Some have said that the 4th clause of the 14th amendment is grounds for invalidating the debt ceiling. I don’t agree with that claim for the following reasons.

Here is the text of the 4th clause of the 14th Amendment:

The validity of the public debt of the United States, authorized by law, including debts incurred for payment of pensions and bounties for services in suppressing insurrection or rebellion, shall not be questioned. But neither the United States nor any State shall assume or pay any debt or obligation incurred in aid of insurrection or rebellion against the United States, or any claim for the loss or emancipation of any slave; but all such debts, obligations and claims shall be held illegal and void.

In summary, “The validity of the public debt… authorized by law… shall not be questioned.”

An established rule of construction is to construe a sentence in an article of text in a way that gives the rest of it meaning. There are two sentences in the 4th clause that are strung together with the word “but” that informs the nature of meaning of the two. The second sentence basically says that neither the United States, nor any individual State, can assume debt incurred by the former Confederacy, declaring it void. If we’re declaring Confederacy debt void while making the rebels pay the pensions of military personnel who quelled the rebellion, it is likely a good idea to close all the holes by saying that the public debt of the United States shall not be questioned. In other words, don’t even bother trying squirm out of paying it.

In regard to the debt ceiling, there isn’t any question regarding the validity of public debt or whether it should be paid; although I could pose a question which I will get to in a moment. The debt ceiling merely says that we can have only so much debt and then we can’t issue any more. It is about depth of debt, not its validity. If the debt ceiling is reached, bills still come in; but they can’t be paid until the Treasury has funds to pay them by other means than issuing more debt.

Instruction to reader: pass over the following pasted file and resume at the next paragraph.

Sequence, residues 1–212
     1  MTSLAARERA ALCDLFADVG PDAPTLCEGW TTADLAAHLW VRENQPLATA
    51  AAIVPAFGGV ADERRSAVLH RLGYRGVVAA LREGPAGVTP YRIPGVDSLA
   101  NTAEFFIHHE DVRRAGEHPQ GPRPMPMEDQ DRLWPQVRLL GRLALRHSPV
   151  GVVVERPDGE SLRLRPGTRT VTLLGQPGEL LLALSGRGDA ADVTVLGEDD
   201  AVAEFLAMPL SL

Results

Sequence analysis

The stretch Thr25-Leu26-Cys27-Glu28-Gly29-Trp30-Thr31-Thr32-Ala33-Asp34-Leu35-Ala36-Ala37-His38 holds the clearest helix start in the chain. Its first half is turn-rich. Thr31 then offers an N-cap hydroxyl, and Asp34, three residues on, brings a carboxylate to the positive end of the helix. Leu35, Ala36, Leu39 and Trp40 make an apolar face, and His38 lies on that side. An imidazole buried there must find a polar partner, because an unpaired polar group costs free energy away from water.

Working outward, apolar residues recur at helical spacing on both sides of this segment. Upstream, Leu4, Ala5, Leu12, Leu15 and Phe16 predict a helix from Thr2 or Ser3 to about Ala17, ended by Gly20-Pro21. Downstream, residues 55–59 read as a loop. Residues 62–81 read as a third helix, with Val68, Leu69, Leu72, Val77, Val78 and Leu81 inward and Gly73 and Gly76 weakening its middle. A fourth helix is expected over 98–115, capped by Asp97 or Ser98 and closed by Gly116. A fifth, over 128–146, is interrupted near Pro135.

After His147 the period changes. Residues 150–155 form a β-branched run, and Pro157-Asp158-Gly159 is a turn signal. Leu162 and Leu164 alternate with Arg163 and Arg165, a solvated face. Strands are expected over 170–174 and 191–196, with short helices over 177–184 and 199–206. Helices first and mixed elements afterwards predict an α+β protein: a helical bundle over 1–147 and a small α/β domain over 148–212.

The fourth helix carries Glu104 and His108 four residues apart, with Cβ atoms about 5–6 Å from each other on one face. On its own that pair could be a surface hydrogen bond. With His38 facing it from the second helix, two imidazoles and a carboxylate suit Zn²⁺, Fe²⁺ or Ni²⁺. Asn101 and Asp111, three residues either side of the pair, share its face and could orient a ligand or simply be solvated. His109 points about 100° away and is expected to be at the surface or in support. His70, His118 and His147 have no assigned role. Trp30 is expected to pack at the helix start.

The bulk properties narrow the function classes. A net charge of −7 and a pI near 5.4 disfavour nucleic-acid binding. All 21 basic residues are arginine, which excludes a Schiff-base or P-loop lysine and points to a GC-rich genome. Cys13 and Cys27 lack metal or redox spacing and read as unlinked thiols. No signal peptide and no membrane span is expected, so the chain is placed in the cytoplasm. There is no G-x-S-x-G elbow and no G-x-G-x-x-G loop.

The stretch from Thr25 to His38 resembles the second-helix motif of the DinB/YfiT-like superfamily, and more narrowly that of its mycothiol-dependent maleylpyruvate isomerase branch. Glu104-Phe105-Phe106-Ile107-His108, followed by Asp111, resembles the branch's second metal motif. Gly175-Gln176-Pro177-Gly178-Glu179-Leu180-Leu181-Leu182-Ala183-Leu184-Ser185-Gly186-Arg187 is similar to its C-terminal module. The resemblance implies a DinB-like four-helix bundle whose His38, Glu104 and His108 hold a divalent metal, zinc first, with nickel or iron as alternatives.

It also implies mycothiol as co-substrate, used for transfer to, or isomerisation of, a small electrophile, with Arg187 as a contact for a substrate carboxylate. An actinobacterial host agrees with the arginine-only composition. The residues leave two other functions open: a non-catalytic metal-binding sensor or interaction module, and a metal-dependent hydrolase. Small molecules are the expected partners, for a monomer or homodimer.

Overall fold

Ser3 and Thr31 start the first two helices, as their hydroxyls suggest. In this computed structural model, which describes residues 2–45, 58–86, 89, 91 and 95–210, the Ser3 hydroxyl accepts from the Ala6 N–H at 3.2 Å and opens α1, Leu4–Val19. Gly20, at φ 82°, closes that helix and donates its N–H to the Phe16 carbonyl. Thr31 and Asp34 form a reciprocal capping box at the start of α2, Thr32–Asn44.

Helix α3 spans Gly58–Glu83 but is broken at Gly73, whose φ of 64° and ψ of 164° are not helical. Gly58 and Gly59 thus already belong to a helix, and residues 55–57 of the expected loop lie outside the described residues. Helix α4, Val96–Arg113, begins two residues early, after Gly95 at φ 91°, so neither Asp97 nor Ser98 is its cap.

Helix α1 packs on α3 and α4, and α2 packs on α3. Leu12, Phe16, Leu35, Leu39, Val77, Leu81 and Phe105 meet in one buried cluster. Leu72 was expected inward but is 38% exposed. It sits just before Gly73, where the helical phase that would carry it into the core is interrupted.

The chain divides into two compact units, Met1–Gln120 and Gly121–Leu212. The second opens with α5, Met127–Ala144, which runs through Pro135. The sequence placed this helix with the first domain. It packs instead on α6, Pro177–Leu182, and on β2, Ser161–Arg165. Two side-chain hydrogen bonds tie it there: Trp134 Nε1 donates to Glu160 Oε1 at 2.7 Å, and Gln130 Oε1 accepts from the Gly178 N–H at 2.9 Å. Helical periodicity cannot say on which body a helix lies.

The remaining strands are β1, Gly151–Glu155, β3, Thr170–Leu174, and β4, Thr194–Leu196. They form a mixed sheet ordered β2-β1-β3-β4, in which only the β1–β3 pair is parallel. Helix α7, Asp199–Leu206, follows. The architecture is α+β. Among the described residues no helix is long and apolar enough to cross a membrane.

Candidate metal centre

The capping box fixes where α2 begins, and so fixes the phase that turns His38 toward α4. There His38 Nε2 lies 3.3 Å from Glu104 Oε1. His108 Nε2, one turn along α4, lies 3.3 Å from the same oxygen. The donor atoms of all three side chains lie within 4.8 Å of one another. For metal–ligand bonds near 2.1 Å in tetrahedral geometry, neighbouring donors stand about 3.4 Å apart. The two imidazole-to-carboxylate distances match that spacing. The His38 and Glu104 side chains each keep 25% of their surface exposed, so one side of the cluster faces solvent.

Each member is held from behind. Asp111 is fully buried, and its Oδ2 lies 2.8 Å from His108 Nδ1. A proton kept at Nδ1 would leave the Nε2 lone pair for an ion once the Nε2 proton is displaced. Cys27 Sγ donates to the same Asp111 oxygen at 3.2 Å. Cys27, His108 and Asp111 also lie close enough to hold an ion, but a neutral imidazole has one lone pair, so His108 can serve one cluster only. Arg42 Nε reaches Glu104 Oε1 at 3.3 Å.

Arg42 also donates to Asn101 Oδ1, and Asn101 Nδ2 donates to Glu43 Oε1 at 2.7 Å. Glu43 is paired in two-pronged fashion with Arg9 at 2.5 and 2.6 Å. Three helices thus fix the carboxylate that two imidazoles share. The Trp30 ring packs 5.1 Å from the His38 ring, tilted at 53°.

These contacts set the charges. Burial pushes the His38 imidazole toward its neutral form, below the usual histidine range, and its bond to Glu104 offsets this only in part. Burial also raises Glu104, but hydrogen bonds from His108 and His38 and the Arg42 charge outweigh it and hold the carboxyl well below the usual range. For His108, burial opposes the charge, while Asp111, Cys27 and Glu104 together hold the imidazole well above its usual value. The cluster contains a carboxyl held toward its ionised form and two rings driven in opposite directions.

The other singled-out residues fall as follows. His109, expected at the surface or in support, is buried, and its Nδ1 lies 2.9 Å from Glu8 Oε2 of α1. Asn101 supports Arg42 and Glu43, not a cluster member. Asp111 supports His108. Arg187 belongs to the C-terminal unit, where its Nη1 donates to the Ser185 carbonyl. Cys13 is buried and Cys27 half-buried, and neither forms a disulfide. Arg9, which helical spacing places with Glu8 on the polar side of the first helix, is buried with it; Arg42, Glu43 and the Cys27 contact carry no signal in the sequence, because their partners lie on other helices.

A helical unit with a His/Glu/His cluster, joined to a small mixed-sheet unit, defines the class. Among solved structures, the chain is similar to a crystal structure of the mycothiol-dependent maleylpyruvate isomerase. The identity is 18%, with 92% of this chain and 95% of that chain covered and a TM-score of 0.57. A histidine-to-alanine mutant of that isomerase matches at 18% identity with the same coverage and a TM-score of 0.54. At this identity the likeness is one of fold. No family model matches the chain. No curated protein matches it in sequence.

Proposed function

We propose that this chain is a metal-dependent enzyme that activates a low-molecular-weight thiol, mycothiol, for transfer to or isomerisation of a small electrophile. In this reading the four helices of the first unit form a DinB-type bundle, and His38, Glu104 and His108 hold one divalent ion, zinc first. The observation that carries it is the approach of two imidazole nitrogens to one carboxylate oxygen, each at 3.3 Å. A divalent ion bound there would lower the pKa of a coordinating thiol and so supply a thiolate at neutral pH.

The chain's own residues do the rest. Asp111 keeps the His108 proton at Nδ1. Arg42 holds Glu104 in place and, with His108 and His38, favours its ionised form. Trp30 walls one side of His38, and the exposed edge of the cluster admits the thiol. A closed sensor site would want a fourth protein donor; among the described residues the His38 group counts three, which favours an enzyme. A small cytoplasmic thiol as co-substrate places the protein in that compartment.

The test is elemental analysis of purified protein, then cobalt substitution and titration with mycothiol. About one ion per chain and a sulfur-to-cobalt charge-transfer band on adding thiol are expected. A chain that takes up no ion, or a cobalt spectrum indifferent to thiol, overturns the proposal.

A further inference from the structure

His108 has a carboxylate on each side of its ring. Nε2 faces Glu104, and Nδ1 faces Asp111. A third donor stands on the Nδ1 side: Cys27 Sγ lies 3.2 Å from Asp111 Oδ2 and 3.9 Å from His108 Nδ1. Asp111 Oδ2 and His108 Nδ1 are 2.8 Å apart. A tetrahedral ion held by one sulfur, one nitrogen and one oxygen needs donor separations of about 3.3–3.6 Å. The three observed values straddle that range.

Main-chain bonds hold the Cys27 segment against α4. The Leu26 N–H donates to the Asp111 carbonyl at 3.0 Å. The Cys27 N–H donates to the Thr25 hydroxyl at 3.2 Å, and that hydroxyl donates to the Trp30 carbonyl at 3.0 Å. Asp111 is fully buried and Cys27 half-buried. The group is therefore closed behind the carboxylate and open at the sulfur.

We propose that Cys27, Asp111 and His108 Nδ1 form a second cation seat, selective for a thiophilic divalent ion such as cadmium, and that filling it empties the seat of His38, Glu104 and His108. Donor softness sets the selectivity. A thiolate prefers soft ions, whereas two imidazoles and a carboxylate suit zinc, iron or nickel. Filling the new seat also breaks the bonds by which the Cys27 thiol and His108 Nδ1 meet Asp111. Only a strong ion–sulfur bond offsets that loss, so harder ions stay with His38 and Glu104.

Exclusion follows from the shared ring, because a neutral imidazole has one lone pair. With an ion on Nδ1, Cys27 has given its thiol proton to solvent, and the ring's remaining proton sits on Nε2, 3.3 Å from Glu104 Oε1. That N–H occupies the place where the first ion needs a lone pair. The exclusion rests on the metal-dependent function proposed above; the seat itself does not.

It’s amazing to me the lengths some will go in order to stretch the meanings of things to meet their immediate needs without thinking about the consequences. I could raise a valid question about the validity of public debt and spending that would turn this argument on its ear and make them regret they even brought it up.

For that, I’ll focus on the part of the first sentence in the 4th clause describing public debt that is authorized by law and jump to laws which are valid authorizations of spending and laws which aren’t. It is pretty easy; because if we follow the established rule of construction in the broadest sense and include Article 1, Section 8 in that construction, we find that the legal authority of Congress is limited to a list of 17 different subject matters. So if we are to assume that valid public debt is authorized by law, the only part of the public debt that can be valid is that which Congress has the authority to make pertinent law. Additionally, it means that once the debt ceiling is reached and we bring clause 4 of the 14th Amendment into play, all of the extra-constitutional buying up of State police power is what has to be defaulted because these are not the result of valid exercises of Congressional powers, even if States have acquiesced, accepted and cooperated with any and all of them. It covers things like Medicare, Medicaid, Food Stamps, public education, the DoT, DoE, &c, &c… The entirety of the commerce clause overreaches comes crashing down around our ears.

People making the argument that the 4th clause of the 14th Amendment means that the Treasury can ignore the debt ceiling in order pay debt incurred by invalid exercises of Congressional authrotiy are delusional. My counterargument is quite impractical, and I would never suggest those debts not be paid. But at least it is based on solid reason rather than delusion.